Yesterday we reported how Bronx state Senator Ruben Diaz Sr. called on the leadership to condemn the Independent Democratic Caucus–those four moderate Senators who refuse to back Majority Leader John Sampson–pointing out that he and his allies in the “Four Amigos” withstood a verbal barrage from the press and the party leadership when they refused to back then-majority leader Malcolm Smith.
“The Four Amigos were branded as traitors, banditos, and extortionists,” he said. “We were labeled opportunists and thugs… Democratic leaders throughout the state used every chance they could to make pubic statements attacking us and our intentions…I’m listening hard but I don’t hear even a whisper from any Democratic leader of their criticism of those Senators who have abandoned the Democratic Party. Is the snow muffling any outcry?… Are the actions of Hispanic legislators held to a different, higher standard? Has the Democratic Party decided those non-Hispanic Senators should determine what’s best for all New Yorkers with no accountability?”
Today, the chairman of the state Democratic Party, Jay Jacobs, had a response.
“I would simply answer that I think the circumstances were different in terms of what the motivations were,” Jacobs said. “I don’t think you could put the motivations of this group beside the motivations of Pedro Espada and Hiram Monserrate.”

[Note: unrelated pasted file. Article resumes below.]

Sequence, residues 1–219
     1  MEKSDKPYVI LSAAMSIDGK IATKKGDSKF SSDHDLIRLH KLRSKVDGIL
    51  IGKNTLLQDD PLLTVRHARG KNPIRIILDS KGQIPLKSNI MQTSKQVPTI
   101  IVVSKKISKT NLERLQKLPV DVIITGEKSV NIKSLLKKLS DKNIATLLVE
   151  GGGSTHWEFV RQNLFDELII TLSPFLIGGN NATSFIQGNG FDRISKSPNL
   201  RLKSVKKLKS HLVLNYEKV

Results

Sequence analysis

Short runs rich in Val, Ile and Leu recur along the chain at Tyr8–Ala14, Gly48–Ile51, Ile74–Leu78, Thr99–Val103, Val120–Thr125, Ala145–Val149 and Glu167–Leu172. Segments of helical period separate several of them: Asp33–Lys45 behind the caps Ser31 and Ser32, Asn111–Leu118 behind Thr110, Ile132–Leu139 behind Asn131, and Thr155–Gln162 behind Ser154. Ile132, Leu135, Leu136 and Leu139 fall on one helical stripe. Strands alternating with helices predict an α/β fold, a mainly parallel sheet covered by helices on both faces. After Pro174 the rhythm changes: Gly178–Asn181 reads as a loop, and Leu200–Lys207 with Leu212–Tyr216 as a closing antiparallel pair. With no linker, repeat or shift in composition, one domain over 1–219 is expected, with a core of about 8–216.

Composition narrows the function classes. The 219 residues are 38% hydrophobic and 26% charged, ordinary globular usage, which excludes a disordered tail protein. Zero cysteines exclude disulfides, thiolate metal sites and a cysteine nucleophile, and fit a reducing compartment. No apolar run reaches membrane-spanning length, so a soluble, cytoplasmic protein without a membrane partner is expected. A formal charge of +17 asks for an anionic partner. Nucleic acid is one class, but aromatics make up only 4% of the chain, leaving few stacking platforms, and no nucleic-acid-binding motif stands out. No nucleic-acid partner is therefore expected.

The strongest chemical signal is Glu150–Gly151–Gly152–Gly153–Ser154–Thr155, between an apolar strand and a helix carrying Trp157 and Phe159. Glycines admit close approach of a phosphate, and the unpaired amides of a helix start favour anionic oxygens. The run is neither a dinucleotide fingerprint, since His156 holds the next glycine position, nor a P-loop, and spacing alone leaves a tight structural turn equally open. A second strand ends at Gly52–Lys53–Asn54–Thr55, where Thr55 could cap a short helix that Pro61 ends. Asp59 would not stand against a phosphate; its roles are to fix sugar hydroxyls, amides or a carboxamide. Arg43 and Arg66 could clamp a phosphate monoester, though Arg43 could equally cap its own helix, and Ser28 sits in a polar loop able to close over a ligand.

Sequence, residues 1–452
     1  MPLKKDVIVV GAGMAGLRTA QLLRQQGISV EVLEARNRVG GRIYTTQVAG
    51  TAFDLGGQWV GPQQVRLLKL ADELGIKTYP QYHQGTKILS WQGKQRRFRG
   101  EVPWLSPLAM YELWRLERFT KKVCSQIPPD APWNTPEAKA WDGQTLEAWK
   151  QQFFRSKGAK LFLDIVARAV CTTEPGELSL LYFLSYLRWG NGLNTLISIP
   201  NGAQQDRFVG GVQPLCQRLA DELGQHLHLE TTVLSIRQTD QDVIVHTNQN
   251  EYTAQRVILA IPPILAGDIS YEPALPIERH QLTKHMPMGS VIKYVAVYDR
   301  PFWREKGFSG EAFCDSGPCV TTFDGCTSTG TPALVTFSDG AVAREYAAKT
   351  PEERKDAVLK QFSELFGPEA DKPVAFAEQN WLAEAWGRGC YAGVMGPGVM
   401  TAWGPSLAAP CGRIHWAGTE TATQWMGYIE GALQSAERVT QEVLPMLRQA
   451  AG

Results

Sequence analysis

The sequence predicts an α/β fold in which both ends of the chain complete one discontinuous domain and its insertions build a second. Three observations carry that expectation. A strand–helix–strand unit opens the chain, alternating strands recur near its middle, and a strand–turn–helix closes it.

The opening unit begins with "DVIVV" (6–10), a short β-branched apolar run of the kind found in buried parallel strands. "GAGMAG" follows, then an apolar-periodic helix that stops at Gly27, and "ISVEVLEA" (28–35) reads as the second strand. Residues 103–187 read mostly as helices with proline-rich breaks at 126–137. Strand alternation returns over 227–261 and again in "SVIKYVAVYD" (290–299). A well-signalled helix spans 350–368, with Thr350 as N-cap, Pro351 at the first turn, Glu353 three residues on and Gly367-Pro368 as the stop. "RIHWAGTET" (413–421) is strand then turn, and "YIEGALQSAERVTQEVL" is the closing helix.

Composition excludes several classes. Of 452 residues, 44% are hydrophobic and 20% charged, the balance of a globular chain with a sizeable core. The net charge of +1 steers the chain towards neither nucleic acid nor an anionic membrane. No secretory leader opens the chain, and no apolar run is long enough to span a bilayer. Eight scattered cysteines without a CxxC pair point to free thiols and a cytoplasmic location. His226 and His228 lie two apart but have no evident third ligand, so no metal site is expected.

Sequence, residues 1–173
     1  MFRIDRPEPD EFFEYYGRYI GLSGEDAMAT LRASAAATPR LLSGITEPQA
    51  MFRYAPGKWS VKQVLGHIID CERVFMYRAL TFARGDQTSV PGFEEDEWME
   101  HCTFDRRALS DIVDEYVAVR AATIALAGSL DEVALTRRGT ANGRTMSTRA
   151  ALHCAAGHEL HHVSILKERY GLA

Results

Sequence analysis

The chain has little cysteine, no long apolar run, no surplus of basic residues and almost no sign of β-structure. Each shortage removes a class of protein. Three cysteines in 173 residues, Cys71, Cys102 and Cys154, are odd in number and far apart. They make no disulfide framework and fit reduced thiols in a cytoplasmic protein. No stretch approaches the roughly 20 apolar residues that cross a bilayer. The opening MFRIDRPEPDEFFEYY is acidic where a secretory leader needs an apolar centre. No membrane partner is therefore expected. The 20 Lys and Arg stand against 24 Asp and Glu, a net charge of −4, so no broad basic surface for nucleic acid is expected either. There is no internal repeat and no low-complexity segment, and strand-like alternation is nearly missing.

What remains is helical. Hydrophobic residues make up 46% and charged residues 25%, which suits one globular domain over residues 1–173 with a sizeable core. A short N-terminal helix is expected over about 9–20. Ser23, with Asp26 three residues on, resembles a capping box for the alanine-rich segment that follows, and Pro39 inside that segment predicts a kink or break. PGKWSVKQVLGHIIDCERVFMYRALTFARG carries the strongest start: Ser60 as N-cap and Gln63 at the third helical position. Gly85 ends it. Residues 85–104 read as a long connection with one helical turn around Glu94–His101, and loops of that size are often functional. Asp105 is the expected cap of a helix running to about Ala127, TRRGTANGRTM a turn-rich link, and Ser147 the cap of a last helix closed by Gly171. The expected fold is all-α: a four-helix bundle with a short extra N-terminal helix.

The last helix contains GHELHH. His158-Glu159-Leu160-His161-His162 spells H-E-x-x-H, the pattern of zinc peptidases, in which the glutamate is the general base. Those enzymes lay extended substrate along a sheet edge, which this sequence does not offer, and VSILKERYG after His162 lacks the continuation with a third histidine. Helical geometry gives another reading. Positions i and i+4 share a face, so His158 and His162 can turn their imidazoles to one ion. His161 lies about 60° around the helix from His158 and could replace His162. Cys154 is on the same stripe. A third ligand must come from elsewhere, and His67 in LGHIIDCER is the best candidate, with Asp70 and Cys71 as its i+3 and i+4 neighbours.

However, as Diaz has pointed out, the Four Amigos were raked over the coals because there was an assumption that they held out merely to increase their own power–and indeed they were given plum posts after their holdouts–the same can be said for members of the IDC. They have each received committee chairmanships, and have accepted the lulu’s that come with it.
When asked to clarify, Jacobs said, “Let me just say that their motivations were very different. I don’t want to open old wounds.”
Jacobs also said that there was a serious effort underway to lure the four members of the IDC back into the fold.
“The fact that there is less talk in the media doesn’t mean that there is any less of an effort behind the scenes to bring everybody together,” he said. “There is a serious effort by all the king’s horses and all the king’s men to put the caucus back together again.”